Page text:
2004-10-01

    As part of its policy of constant quality improvement, Etablissement francais du sang (EFS) des pays de la Loire (Pays de la Loire Regional Blood Transfusion Centre) carried out a satisfaction survey among the hospital personnel involved in prescribing and using immunohaematological tests and labile blood products (LBP). The polling tool selected by agreement between the Saint Nazaire's hospital management and Quality Assurance (QA) Department was a questionnaire that permitted item rating and free commentary. It addressed the personnel's perception of the quality of erythrocyte immunohaematological (EIH) testing and of the products administered, as well as their perception of the quality of communications with the local EFS. The questionnaire was sent to 26 physicians and 32 senior nurses in 15 hospital departments. The reply rate was 60% and expressed an 85% overall satisfaction level. Dissatisfaction causes were more specifically analysed, the main one involving LBP distribution in emergency situations. A joint undertaking by the EFS and the hospital led to the implementation of corrective measures, including the writing and implementation of a common standard operating procedure for emergency transfusion management. The results obtained demonstrated the feasibility of this type of survey and the interest, to a blood transfusion centre and the hospital personnel involved in transfusion, of assessing their very own perception of service quality.

  11. Institutional blood glucose monitoring system for hospitalized patients: an integral component of the inpatient glucose control program.

    Science.gov (United States)

    Boaz, Mona; Landau, Zohar; Matas, Zipora; Wainstein, Julio

    2009-09-01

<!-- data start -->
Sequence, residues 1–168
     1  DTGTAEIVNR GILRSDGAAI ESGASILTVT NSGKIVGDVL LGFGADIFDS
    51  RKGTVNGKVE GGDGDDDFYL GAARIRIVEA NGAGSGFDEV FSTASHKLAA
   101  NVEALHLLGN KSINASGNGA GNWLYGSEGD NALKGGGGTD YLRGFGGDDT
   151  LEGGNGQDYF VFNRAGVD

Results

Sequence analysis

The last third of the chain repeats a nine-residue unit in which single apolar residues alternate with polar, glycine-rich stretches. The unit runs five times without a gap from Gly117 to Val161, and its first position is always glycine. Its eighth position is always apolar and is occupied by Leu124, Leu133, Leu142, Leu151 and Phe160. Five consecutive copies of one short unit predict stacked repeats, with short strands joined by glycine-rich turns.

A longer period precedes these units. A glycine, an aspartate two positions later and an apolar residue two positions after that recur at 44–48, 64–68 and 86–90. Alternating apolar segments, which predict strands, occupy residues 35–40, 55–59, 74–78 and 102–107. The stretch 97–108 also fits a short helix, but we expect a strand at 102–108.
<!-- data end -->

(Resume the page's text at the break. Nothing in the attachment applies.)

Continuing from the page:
The ability to measure patient blood glucose levels at bedside in hospitalized patients and to transmit those values to a central database enables and facilitates glucose control and follow-up and is an integral component in the care of the hospitalized diabetic patient. The goal of this study was to evaluate the performance of an institutional glucometer employed in the framework of the Program for the Treatment of the Hospitalized Diabetic Patient (PTHDP) at E. Wolfson Medical Center, Holon, Israel. As part of the program to facilitate glucose control in hospitalized diabetic patients, an institutional glucometer was employed that permits uploading of data from stands located in each inpatient department and downloading of that data to a central hospital-wide database. Blood glucose values from hospitalized diabetic patients were collected from August 2007 to October 2008. The inpatient glucose control program was introduced gradually beginning January 2008. During the follow-up period, more than 150,000 blood glucose measures were taken. Mean glucose was 195.7 +/- 99.12 mg/dl during the follow-up period. Blood glucose values declined from 206 +/- 105 prior to PTHDP (August 2007-December 2007) to 186 +/- 92 after its inception (January 2008-October 2008). The decline was associated significantly with time (r = 0.11, p < 0.0001). The prevalence of blood glucose values lower than 60 mg/dl was 1.48% [95% confidence interval (CI) 0.36%] prior to vs 1.55% (95% CI 0.37%) following implementation of the PTHDP. Concomitantly, a significant increase in the proportion of blood glucose values between 80 and 200 mg/dl was observed, from 55.5% prior to program initiation vs 61.6% after program initiation (p < 0.0001). The present study was designed to observe changes in institution-wide glucose values following implementation of the PTHDP. Information was extracted from the glucometer system itself. Because the aforementioned study was not a clinical trial, we cannot rule out